A360. Blog

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futurescope:

PSFK Future Of Wearable Tech Report
 
 PSFK Future Of Wearable Tech Report  from PSFK

The Future of Wearable Tech report in collaboration with iQ by intel identifies 10 trends and three major themes that point to the evolving form and function of wearable devices and their influence on the way we live, work and socialize. In our Connected Intimacy theme, we explore how wearables are revolutionizing the way we communicate information about ourselves and maintain relationships over any distance. With the Tailored Ecosystem theme, we look at how these devices are personalizing the world around us and adapting to our ever-changing needs. While the Co-Evolved Possibilities theme considers the potential and promise of a closer union between humans and technology and its impacts on our natural abilities. Within these themes, we take an in-depth look at each of the key trends, bringing them to life with best-in-class examples and connecting the dots with takeaways to help spark thinking and discussion. As you click through the following slides, we hope you find inspiration and innovation that you can leverage and share within your own organization. For more information about the report visit: http://www.psfk.com/publishing/future-of-wearable-tech 

futurescope:

PSFK Future Of Wearable Tech Report

The Future of Wearable Tech report in collaboration with iQ by intel identifies 10 trends and three major themes that point to the evolving form and function of wearable devices and their influence on the way we live, work and socialize. In our Connected Intimacy theme, we explore how wearables are revolutionizing the way we communicate information about ourselves and maintain relationships over any distance. With the Tailored Ecosystem theme, we look at how these devices are personalizing the world around us and adapting to our ever-changing needs. While the Co-Evolved Possibilities theme considers the potential and promise of a closer union between humans and technology and its impacts on our natural abilities. 

Within these themes, we take an in-depth look at each of the key trends, bringing them to life with best-in-class examples and connecting the dots with takeaways to help spark thinking and discussion. As you click through the following slides, we hope you find inspiration and innovation that you can leverage and share within your own organization. 

For more information about the report visit: 
http://www.psfk.com/publishing/future-of-wearable-tech 

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futurescope:

Building an open source Nest
From Slashdot:

"Google’s recent acquisition of Nest, the maker of smart thermostats and smoke detectors, has sparked concerns of future plans for the devices, and how Google’s omnipresent thirst for information will affect them. Thus, a team of engineers at Spark sat down and roughed out a prototype for an open source version of Nest. It looks surprisingly good for such a short development cycle, and they’ve posted their code on Github. The article has a number of short videos illustrating the technology they used, and how they used it. Quoting: ‘All in, we spent about $70 on components to put this together (including $39 for the Spark Core); the wood and acrylic were free. We started working at 10am and finished at 3am, with 3.5 engineers involved (one went to bed early), and the only work we did in advance was order the electronic components. We’re not saying that you can build a $3.2 billion company in a day. But we are saying that you can build a $3.2 billion company, and it’s easier now than it’s ever been before.’”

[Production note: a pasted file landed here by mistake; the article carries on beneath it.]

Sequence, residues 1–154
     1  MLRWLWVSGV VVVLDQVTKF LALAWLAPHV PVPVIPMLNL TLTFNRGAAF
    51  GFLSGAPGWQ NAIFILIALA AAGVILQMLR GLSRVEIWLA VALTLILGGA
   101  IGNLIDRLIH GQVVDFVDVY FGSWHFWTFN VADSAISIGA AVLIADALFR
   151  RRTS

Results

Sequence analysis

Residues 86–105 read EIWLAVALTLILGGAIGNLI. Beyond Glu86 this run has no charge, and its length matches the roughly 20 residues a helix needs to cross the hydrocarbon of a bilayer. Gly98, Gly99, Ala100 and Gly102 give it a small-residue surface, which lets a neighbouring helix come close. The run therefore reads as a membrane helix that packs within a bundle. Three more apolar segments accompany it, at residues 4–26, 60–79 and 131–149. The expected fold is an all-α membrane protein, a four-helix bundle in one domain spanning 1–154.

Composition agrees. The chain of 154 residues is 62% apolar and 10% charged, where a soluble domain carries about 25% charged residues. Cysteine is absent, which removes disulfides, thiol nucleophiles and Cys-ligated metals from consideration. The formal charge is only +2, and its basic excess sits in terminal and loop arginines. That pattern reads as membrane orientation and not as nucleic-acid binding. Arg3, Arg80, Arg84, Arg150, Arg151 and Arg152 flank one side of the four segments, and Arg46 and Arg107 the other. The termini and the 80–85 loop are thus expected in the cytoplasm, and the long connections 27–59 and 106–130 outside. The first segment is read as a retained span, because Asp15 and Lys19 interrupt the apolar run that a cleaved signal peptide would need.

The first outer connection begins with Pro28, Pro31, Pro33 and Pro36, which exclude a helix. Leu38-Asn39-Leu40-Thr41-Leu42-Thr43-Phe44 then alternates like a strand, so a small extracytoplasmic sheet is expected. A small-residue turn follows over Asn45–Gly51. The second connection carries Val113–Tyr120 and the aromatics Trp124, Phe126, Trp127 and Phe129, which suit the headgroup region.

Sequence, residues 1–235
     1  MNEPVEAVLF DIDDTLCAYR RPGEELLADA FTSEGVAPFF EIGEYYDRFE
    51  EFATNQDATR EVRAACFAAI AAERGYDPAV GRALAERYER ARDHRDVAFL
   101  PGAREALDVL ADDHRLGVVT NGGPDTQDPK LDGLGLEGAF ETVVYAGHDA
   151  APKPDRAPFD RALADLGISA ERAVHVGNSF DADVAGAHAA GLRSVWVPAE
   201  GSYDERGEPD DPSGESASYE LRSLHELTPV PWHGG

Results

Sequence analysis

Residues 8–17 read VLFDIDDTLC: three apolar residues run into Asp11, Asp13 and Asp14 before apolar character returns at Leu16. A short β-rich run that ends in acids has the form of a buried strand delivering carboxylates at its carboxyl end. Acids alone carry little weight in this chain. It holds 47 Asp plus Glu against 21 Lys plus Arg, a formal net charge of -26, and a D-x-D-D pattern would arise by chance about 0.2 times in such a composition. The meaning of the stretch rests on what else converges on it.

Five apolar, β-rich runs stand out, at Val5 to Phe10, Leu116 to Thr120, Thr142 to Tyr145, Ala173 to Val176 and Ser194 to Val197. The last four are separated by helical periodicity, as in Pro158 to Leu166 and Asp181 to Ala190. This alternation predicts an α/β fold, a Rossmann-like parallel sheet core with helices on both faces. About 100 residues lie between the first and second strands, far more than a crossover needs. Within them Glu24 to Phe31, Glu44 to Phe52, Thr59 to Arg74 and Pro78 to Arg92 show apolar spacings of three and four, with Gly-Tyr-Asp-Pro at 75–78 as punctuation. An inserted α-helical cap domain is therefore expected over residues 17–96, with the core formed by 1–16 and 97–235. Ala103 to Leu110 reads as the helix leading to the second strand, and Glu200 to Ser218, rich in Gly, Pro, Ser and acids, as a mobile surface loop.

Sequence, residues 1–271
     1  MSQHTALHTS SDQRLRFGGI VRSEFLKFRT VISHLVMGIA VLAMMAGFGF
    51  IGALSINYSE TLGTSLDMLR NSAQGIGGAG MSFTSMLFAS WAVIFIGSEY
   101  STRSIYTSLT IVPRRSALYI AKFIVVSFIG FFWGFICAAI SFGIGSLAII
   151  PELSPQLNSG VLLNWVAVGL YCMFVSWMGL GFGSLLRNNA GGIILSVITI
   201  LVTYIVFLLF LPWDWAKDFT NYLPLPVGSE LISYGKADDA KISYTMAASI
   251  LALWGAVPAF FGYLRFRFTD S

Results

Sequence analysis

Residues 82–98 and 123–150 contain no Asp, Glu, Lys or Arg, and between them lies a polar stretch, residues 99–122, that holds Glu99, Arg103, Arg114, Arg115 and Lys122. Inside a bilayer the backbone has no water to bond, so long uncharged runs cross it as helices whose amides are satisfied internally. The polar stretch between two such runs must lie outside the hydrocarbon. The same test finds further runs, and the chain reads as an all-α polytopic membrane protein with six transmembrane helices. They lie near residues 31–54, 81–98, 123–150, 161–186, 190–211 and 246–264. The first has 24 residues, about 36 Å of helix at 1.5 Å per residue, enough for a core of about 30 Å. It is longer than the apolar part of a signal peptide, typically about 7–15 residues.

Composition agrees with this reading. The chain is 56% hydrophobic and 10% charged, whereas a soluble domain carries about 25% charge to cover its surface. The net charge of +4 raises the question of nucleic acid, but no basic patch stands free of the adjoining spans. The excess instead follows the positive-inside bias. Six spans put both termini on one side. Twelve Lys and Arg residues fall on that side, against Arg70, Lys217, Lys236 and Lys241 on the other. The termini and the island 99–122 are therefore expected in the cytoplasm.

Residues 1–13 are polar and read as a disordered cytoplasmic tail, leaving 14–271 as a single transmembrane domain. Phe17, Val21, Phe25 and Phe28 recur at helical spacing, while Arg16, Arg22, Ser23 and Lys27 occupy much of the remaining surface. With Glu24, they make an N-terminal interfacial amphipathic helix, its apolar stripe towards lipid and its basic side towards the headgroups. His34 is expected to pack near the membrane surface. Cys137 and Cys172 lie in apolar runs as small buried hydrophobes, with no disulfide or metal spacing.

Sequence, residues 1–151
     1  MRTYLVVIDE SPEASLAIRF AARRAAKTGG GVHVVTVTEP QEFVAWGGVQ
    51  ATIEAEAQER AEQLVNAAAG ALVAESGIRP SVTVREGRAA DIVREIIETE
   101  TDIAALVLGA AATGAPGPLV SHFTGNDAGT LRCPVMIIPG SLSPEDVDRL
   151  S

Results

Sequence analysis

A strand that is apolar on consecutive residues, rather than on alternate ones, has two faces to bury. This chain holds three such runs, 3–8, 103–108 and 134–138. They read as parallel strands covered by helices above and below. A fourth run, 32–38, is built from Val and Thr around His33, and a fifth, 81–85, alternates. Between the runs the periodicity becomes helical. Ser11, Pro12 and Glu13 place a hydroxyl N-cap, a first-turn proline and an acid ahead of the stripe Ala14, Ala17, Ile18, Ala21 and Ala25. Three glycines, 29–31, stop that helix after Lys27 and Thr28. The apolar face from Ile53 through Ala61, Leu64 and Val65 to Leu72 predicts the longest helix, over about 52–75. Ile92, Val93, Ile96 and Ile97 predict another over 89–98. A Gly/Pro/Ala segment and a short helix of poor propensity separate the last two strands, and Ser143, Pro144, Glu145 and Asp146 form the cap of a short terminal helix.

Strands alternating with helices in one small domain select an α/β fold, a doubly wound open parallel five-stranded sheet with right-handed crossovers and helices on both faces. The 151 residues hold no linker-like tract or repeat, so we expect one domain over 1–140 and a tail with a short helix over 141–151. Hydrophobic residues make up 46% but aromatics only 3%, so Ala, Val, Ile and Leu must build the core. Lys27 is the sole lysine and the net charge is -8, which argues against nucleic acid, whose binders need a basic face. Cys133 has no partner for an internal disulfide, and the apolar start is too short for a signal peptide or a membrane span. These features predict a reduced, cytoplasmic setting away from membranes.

futurescope:

Building an open source Nest

From Slashdot:

"Google’s recent acquisition of Nest, the maker of smart thermostats and smoke detectors, has sparked concerns of future plans for the devices, and how Google’s omnipresent thirst for information will affect them. Thus, a team of engineers at Spark sat down and roughed out a prototype for an open source version of Nest. It looks surprisingly good for such a short development cycle, and they’ve posted their code on Github. The article has a number of short videos illustrating the technology they used, and how they used it. Quoting: ‘All in, we spent about $70 on components to put this together (including $39 for the Spark Core); the wood and acrylic were free. We started working at 10am and finished at 3am, with 3.5 engineers involved (one went to bed early), and the only work we did in advance was order the electronic components. We’re not saying that you can build a $3.2 billion company in a day. But we are saying that you can build a $3.2 billion company, and it’s easier now than it’s ever been before.’”

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emergentfutures:

Brainlike Computers, Learning From Experience


The first commercial version of the new kind of computer chip is scheduled to be released in 2014. Not only can it automate tasks that now require painstaking programming — for example, moving a robot’s arm smoothly and efficiently — but it can also sidestep and even tolerate errors, potentially making the term “computer crash” obsolete.

Full Story: NYT

emergentfutures:

Brainlike Computers, Learning From Experience

The first commercial version of the new kind of computer chip is scheduled to be released in 2014. Not only can it automate tasks that now require painstaking programming — for example, moving a robot’s arm smoothly and efficiently — but it can also sidestep and even tolerate errors, potentially making the term “computer crash” obsolete.

Full Story: NYT

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